Monday, February 14, 2011

My lesson in Cartography

This is a picture I took of a survey map at the appraisal district office this morning while I was trying to sort out how our property taxes had gotten jacked up.  When you live in the city the boundaries of your property are usually pretty clear.  At our house in Vegas I could have measured the whole lot with a three hundred foot tape measure in about a half hour.  There is of course always easements and once and a while neighbors have issues about where the lines begin and end, but it get more complicated when you can't actually walk along the property lines or see from one corner of the property to the other because there is a tons of trees and brush in the way.

According to the appraisal district, which is who decides how much you owe, a portion of our property had never been included in the tax roles.  When they added it and created a tax ID account for that section it was no longer considered land with agricultural value and was taxed much higher than some of the other parcels. The problem comes in when you have to figure out which parcel is which.  No where on the ground does it say this is parcel 777777.  I had to go over all the maps and aerial photographs with the mapping guy who at first assured me that no mistake had been made. The problem is that the lines are often left on the maps for separate parcels even when those parcels have been combined into a single tax account number.  Lines are also sometimes removed when parcels are bought from different people by one buyer.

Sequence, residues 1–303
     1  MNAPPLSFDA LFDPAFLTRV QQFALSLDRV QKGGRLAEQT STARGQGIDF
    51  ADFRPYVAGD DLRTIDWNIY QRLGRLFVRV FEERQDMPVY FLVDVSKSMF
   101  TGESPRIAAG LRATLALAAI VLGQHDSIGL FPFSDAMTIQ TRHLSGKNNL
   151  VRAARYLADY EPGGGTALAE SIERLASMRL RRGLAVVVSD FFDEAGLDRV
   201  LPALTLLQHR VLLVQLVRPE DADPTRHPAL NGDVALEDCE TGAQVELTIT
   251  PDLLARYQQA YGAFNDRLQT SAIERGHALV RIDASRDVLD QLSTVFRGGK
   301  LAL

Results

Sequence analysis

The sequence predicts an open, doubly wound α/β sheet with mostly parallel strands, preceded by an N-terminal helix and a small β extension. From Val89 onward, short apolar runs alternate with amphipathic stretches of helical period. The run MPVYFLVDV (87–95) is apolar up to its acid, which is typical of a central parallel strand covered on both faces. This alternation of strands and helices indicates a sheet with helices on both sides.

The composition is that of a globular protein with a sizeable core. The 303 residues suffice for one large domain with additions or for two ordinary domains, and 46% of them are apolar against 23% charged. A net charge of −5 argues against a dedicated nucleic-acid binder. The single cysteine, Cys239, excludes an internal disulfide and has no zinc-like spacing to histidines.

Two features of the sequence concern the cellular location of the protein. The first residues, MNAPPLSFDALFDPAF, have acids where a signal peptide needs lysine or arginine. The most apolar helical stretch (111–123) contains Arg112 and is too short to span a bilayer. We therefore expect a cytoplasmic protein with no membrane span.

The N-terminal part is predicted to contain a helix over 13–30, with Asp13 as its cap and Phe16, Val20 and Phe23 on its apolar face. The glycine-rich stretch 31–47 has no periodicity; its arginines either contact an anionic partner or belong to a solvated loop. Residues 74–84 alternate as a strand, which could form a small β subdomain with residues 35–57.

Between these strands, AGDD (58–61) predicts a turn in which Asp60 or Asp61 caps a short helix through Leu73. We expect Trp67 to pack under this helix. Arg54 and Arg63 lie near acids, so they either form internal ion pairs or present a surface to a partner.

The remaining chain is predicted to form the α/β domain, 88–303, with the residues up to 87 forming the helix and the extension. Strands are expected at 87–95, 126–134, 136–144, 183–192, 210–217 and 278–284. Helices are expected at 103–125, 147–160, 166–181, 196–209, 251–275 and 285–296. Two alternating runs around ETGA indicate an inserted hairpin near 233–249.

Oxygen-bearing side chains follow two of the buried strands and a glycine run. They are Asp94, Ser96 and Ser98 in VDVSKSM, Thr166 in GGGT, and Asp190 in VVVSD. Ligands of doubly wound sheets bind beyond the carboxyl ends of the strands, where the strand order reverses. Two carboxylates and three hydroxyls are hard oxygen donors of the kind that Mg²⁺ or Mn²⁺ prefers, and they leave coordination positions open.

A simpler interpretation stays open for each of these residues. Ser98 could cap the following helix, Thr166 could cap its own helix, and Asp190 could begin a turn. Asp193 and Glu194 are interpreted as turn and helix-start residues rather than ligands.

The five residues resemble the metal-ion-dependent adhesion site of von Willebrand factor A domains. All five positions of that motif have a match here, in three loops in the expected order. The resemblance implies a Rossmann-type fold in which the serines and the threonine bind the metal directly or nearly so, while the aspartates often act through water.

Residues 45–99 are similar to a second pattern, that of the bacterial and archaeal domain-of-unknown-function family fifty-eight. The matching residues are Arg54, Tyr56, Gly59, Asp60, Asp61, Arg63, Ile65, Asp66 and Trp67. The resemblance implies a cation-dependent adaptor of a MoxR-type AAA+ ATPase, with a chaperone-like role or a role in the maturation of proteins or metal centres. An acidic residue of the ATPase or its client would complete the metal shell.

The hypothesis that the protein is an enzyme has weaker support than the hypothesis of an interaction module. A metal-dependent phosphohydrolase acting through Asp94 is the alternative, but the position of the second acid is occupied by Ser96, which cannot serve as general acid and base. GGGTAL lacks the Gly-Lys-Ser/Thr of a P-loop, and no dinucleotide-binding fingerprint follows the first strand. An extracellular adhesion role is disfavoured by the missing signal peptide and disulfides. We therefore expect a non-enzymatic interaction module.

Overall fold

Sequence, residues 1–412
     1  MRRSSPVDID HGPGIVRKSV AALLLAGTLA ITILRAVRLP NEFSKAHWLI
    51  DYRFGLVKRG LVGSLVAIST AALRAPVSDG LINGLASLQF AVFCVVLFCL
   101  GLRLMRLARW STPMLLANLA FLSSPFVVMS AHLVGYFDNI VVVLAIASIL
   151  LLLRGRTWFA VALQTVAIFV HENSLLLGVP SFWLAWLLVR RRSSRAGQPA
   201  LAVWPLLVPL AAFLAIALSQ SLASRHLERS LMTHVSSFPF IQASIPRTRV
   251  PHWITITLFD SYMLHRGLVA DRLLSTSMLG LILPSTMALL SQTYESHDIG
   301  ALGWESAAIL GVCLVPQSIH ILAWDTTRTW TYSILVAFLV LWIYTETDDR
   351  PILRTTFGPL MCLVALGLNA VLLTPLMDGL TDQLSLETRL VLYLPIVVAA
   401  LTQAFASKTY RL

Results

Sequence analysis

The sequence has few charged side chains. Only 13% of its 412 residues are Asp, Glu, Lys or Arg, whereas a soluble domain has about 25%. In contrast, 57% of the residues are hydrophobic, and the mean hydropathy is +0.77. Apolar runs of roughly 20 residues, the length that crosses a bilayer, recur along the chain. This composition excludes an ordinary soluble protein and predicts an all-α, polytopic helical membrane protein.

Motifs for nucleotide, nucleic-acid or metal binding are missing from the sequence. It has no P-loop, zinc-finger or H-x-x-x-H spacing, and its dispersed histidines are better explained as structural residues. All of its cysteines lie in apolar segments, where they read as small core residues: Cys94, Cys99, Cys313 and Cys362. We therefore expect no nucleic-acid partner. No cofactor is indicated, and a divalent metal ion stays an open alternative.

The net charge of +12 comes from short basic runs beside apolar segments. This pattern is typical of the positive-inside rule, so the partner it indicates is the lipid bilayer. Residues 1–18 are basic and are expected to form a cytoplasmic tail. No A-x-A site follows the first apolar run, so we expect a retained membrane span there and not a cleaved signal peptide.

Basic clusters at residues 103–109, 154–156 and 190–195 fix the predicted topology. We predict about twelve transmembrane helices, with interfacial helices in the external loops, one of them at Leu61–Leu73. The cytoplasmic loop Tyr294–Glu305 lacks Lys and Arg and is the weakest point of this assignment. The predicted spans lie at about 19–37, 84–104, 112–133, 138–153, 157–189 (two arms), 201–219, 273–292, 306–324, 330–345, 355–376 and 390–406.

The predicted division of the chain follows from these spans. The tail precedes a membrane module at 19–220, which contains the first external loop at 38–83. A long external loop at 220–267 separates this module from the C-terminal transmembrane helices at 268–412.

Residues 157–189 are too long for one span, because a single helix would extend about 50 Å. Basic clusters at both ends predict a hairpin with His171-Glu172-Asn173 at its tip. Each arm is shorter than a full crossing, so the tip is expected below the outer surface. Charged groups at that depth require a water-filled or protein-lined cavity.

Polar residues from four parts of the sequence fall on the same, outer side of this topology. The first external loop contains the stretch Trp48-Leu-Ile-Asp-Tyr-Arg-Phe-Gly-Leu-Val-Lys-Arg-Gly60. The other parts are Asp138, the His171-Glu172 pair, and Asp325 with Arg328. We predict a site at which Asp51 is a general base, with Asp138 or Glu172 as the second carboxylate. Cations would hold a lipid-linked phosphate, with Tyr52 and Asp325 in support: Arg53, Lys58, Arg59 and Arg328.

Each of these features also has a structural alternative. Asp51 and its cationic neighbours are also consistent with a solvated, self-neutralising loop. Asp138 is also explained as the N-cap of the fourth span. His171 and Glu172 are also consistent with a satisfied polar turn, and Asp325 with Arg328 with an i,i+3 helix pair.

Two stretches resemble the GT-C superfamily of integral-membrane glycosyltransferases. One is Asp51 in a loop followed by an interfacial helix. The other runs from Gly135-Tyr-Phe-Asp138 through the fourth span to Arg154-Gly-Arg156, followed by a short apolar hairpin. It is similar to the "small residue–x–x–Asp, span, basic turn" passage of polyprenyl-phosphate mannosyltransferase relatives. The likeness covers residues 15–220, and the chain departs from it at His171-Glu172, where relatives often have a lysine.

In order to determine which parcel is which you have to go over the field notes on the deeds which basically say  start at one agreed upon point and then say turn south 97 degrees go 85 feet turn east 56 degrees go 79 feet etc, etc, etc,  The only way to find the points is to take a metal detector and look for the scrap that is usually buried as a marker.  According to the mapping guy rusty rifle barrels were once a popular marker that would be hammered into the ground by the surveying crew. Why survey crews had piles of rusty rifle barrels laying around I will never know. 

Each chunk of land here is divided into files by the origanal surveys ours falls into the Robert Conn survey and you can dig through the file which is a collection of maps, photos, field notes, legal documents, etcs.  One survey from the sixties clearly showed how the land was originally divided and made the problem clear.  A piece of our land had not been properly accounted for, but not the piece they tried to add.  The good news for us is that since they can't tax us twice on the same piece we get a break this year, but have to file to have the newly added section classified as agricultural timber land. What a pain in the @$$.

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